To make sure students graduate from high school prepared to tackle whatever path they choose, teacher preparation must focus on making today’s education system a learner-centered instructional model, supported by proven digital learning technology that gives students a more individualized and rigorous learning experience, said a panel of experts during an Alliance for Excellent Education webinar.

The webinar was based in part on “Culture Shift: Teaching in a Learner-Centered Environment Powered by Digital Learning,” a 2012 Alliance report that advocates for a shift in the teaching culture to ensure that students graduate from high school ready to enter college or the workforce. It also was the second in a two-part webinar series on this same topic.

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“Moving teacher education forward—what does that really mean? What it means to be in a digital age is that we are now in an open learning ecosystem,” said Tom Carroll, president of the National Commission on Teaching and America’s Future (NCTAF). “Now school is no longer the [only] learning place—schools and classrooms are among many in a network of learning spaces.”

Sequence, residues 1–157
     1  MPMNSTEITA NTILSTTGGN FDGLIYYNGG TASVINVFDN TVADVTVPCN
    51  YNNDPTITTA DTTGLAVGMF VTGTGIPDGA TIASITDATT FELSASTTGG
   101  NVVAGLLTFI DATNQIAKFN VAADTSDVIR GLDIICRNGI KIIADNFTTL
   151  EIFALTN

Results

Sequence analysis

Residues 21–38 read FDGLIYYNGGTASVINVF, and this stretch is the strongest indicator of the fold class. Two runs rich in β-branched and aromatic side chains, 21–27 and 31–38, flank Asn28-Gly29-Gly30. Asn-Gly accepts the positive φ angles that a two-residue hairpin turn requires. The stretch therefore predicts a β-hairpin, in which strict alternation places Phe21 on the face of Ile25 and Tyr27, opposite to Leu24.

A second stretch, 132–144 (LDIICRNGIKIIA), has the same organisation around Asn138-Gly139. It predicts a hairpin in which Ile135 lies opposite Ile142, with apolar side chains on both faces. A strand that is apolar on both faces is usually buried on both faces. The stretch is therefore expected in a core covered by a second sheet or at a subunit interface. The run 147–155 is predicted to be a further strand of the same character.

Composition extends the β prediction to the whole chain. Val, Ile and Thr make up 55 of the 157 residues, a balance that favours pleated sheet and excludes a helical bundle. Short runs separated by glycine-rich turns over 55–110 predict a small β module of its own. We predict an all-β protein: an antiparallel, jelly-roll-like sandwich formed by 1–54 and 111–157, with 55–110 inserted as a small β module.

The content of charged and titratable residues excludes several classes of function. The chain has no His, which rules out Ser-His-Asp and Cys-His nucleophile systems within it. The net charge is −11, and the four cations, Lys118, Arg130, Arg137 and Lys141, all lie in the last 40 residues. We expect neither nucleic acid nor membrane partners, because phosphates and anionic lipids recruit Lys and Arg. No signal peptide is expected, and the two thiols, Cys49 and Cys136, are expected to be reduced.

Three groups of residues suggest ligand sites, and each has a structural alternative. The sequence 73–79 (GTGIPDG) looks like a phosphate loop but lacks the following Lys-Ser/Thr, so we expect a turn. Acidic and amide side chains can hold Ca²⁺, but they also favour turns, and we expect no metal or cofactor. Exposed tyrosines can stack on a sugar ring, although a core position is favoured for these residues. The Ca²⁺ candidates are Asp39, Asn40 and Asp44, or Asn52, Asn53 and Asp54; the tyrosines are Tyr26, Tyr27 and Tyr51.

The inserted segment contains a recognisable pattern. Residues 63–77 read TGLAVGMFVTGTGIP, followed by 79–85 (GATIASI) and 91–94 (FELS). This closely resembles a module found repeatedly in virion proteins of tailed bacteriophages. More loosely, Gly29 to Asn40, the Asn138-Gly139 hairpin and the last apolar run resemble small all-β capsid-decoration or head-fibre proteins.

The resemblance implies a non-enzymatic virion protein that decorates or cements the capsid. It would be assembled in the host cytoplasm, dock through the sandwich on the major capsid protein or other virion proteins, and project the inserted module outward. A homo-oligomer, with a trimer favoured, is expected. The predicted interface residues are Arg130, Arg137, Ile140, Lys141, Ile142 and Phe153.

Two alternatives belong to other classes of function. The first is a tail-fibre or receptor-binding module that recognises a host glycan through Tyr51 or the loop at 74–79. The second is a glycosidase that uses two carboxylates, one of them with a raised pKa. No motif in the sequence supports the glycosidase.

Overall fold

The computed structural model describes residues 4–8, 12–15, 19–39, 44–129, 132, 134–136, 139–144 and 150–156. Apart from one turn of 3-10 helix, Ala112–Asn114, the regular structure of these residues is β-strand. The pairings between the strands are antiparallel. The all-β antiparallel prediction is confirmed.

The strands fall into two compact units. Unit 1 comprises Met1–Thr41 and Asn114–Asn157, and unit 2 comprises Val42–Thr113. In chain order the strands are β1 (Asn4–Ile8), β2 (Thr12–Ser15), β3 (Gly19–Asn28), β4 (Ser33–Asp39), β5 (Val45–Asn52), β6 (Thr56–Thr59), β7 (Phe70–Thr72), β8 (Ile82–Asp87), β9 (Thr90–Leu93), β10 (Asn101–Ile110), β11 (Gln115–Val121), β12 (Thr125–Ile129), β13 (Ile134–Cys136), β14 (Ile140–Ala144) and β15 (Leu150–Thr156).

NCTAF’s Teachers Learning in Networked Communities (TLINC) initiative aims to close the gap between teacher preparation and practice by encouraging collaboration in teacher preparation programs, increasing communication between these programs and the school districts they serve, and creating “feedback loops” that link teacher preparation programs to graduates of those programs.

(Next page: How communication and data can help)

Laura Ascione

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